Skyrim HD, 2K and Normal and ENB round-up

Skyrim has an ongoing list of super mods available, users are able to modify so many aspects of the game it’s almost crazy. We’re not going that far into the exploration just yet, instead we’re focusing on the visual engine and how many tweaks are just waiting to get used out there. Before jumping into that I’ll go over the hardware used in the testing and the software we used.

Test system:

  • AMD Phenom 9750 (Stock)
  • Jetway 790GX ComboL
  • 4GB Crucial DDR2 PC6400
  • ASUS EAH6850 DirectCU (950 core / 1100 memory)
  • Sound Blaster X-Fi Xtrememusic

Software:

  • Windows 7 x64
  • 2K Texture pack for Skyrim Version 1.4
  • ENB Series mod (ENBPM 2.03 Beta)
  • Fraps (monitoring FPS and screen caps)
  • ATI Catalyst 12.2

Settings:

  • Resolution: 1920×1200
  • FXAA: On | SSAO: On (slow) | AA: Off

Skyrim is no doubt amazing to look at from a distance, the textures at their worst come off with clarity and drive home the sense of fantasy. Up close though… that’s really a different story, the textures look blocky and blurry upon closer examination (walking over them). One of the first moves from the community to restore the immersion was the 2K texture mod, a project completely revising the look of the game textures. Recently Bethesda tried their own hand at releasing a full HD kit of their own to update the PC version. The question now is, what gets it done the best and that’s what we’re looking at now.

Outdoor comparison:

 
Normal Textures – (Left: no ENB | Right: ENB on)

 
2K Texture Pack – (Left: no ENB | Right: ENB on)

 
HD Texture DLC – (Left: no ENB | Right: ENB on)

Biggest thing to take out of the outdoor shots? 2K demolishes both without hesitation, in fact it’s a huge difference walking through the world and over land masses. Sure if you fast travel everywhere it doesn’t matter as much but that’s not exactly for everyone and after a while you need to explore to find those extra hidden areas in the map. ENB manages to help polish up all 3 options as well, you can be on normal and get an entirely new sense of depth to Skyrim thanks to the ENB mods being made.

Where does the HD DLC really kick in then? It’s actually indoors that I noticed the biggest kick, with the 2K kit establishing a large lead I left the next comparisons down to the normal and DLC textures instead.

Indoor comparison:

 
Normal Textures – (Left: no ENB | Right: ENB on)

 
HD Texture DLC – (Left: no ENB | Right: ENB on)

Here we see the HD pack shine, it adds definition to the sheets for threads and revises the chest completely, floor textures like the rugs and coverings all get a revamp for higher clarity. While the outdoor scenes may not show it, tighter spaces make heavy use of the revised HD textures. The primary difference to the 2K pack is the illusion of bump mapping and depth to the textures in the 2K pack for more realistic walls and added depth to tables. This all comes at a cost as we’ll see in the performance section. Before going there, we’ll take a close up with character models and the HD pack update to clothing and overall design.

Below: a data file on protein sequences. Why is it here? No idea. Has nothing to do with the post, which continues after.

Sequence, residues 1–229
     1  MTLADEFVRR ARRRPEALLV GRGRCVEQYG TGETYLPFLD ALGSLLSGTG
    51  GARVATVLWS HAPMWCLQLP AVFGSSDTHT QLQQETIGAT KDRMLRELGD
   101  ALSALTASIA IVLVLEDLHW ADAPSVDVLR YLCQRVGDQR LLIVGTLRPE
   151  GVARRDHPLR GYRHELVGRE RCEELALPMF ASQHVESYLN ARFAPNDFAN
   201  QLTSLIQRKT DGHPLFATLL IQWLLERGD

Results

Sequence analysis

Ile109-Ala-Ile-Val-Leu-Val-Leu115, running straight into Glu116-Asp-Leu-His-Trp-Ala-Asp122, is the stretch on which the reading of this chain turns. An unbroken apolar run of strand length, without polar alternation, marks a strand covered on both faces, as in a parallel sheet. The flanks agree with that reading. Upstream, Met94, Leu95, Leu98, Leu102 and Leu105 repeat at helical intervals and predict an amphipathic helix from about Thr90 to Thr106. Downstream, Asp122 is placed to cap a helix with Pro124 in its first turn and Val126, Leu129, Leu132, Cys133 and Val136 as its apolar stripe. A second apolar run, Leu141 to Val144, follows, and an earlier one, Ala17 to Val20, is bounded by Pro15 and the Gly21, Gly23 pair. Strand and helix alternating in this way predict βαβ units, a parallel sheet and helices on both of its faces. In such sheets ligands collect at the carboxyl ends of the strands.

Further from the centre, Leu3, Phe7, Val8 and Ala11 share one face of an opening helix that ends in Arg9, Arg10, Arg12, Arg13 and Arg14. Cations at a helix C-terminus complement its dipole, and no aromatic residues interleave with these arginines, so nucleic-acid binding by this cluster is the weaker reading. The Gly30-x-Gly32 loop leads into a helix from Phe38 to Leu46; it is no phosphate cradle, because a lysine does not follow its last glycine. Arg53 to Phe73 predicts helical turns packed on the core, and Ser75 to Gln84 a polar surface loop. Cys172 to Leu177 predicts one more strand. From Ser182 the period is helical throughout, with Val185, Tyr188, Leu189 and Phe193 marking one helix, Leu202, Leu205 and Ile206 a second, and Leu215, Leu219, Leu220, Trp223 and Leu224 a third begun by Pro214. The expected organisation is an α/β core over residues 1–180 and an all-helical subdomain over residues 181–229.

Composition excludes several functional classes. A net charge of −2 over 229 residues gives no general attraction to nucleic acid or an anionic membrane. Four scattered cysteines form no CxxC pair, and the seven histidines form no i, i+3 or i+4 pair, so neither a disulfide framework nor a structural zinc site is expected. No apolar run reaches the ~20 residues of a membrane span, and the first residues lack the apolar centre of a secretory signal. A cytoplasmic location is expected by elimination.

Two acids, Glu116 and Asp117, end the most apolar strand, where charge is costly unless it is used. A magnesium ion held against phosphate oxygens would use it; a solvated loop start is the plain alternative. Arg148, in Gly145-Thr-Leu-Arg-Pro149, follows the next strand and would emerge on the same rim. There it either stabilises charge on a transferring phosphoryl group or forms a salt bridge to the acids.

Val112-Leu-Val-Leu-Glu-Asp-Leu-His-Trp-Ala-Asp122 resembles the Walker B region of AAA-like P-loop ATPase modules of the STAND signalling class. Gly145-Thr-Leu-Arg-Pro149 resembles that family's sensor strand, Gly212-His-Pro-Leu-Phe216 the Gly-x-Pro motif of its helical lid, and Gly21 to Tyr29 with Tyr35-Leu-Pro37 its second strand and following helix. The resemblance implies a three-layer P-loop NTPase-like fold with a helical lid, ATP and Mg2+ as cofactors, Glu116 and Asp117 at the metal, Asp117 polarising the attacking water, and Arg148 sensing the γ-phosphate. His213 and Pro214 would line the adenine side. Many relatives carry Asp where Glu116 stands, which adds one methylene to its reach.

Normal Textures – (Left: no ENB | Right: ENB on)

 
HD Texture DLC – (Left: no ENB | Right: ENB on)

Huge shift in the shirt is the first thing I picked up, clothing gets a massive overhaul to give actual definition to the characters. Faces, hair and other items also take up a boost but that shirt… it’s like it’s from a different game. Odd enough if you’re running ENB you’re able to potentially mask some of the horror in the blurry textures thanks to the post processing effects masking it with heavier shadows and blur.

It’s amazing what can be done with just a revamp, but these do come with their own damage. Lets take a look at the Memory and FPS hit running these mods.

Memory in GB (1.46GB before starting Skyrim):

bamfas.com

FPS:

bamfas.com

Memory wise it’s almost confusing why Skyrim HD DLC takes up nearly as much memory as the 2K pack given how it performs outdoors, it seems likely the bulk of it focuses on armor, models and structural spaces more than anything. The 2K pack is the clear winner for overhaul sake but it also does require a large amount of memory and it has the biggest performance hit out of the list. When using heavier ENB mods like ENBPM you’ll drop FPS in half if not worse which is a gamble unless you have the hardware to back it up. Either way they both work to leave the stock pack of textures in the dust and it should be a clear recommendation to at least get the HD pack if you have the memory to spare. For those more adventurous there are users also combining the two for an ultra texture mod of traditional art and the 2K pack.

For those wondering if ENB always takes that much power away, no. It’s strictly on a case by case basis and many of the mods don’t induce that hard of a performance hit but finding the perfect one for your setup may require investing some time in tweaking the configuration yourself.

Thanks for tuning in with us and if you have questions feel free to ask in the comments.

Downloads: 2K Texture Pack (Skyrim Nexus) | ENB Series Presets | ENBPM 2.03 beta | ENBPM Feedback